The City of Meridian owns and operates a Public Wastewater Treatment Plant and a Sanitary Sewer Collection System under the rules of the Idaho Division of Environmental Quality (IDEQ) and under a permit issued by Region X of the U.S. Environmental Protection Agency (USEPA). The rules and permit dictate levels of performance for the operations of both the Treatment Plant and the Collection System. These rules for the Collection System Operation are basically defined as the duty to maintain.
Ownership and Operation
The City of Meridian owns and operates a collection system under the following rules, permits, and ordinances:
NPEDS Permit: the City of Meridian currently operates a Wastewater Treatment Plant and Collection System under US EPA Permit Number ID-002019-2.
City Code, Chapter 4, SEWER USE AND SERVICE: Within the code, the organization of the City’s system is defined and the City is to maintain the system at all times so that sewage is efficiently and sanitarily carried from uses to the sewer treatment plant.
Wastewater Pretreatment Ordinance No. 01-906: This ordinance further defines users of the collection system under the overall heading of Industrial Users. In addition, prohibited discharges are defined.
State Licensing of Operators: Licensing authority for water and wastewater operators is accomplished through the Idaho Bureau of Occupational Licenses. The collection system is defined from Class I to IV, and a responsible charge operator to the level of the system is required.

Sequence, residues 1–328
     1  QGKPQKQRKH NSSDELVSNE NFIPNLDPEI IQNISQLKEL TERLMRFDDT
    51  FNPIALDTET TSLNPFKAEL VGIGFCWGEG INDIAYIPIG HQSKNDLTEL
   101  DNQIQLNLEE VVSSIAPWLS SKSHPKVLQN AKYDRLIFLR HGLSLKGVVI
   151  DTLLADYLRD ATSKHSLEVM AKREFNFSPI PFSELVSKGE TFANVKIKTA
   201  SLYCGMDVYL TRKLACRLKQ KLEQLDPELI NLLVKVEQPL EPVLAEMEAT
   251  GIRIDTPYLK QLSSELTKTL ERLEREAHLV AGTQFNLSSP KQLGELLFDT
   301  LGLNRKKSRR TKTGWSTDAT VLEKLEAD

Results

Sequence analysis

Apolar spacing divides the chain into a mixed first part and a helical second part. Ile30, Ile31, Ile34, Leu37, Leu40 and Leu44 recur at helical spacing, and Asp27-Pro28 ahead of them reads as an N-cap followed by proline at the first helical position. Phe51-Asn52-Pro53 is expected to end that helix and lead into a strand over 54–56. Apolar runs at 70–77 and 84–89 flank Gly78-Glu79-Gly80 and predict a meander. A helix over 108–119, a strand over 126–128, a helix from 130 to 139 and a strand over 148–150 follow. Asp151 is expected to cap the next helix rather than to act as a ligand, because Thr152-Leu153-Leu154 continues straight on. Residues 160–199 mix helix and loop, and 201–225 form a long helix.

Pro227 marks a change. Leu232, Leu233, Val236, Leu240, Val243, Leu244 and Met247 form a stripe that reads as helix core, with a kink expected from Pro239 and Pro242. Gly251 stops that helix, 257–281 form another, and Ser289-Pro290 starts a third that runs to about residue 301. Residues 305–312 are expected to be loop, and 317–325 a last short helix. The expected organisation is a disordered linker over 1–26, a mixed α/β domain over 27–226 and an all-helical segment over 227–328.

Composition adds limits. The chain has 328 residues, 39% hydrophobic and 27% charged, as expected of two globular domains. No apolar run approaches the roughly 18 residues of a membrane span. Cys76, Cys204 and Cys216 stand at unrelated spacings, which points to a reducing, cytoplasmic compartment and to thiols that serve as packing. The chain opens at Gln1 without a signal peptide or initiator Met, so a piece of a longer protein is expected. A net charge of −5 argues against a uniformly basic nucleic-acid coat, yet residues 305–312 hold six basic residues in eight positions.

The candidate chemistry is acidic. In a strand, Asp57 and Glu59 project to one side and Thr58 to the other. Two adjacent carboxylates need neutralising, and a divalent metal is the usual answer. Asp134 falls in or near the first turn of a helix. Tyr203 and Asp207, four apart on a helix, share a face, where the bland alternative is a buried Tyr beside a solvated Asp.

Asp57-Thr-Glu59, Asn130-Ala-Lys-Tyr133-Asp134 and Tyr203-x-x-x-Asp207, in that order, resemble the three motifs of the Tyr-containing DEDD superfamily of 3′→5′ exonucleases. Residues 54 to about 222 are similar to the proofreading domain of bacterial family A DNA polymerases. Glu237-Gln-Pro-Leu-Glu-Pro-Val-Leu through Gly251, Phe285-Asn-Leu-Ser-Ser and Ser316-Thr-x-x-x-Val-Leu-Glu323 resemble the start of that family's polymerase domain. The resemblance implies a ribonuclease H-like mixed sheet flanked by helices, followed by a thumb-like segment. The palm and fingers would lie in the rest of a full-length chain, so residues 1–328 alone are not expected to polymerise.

The City of Meridian operates a gravity collection system of approximately 500 miles in length. Piping sizes range from 8-inch to 36-inch. In addition the City’s system has pressure lines and lift or pump stations. The combined piping length is over three million linear feet of piping. There are in the range of nearly 10,000 manholes. The current collection system planning boundary encompasses approximately 70 square miles.
The existing sanitary sewer collection system is the most expensive infrastructure element that the City of Meridian owns. The replacement value for the system is in the range of $480,000,000.
City gravity collection system lines are cleaned on a rotation basis. The City has ongoing inspection activities that allow determination of condition of the gravity collection system and procedures to report the condition, including recommended corrective action. Areas noted to be deteriorated are identified by CCTV reviews and by the ongoing cleaning activities.
During routine line cleaning any deteriorated manholes noted are reported. A manhole inspection program has also been developed.
The City maintains various lift stations. Their function is to move (lift) sewage from lower areas of the collection system to gravity lines to the treatment plant. Weekly (2-3/ week) there is on-site observation of each lift/pump station. A lift/pump station inspection checklist has been developed. All lift/pump stations either have standby power at the site or the City has available portable power units to use upon a power outage.
Collection System Inflow and Infiltration: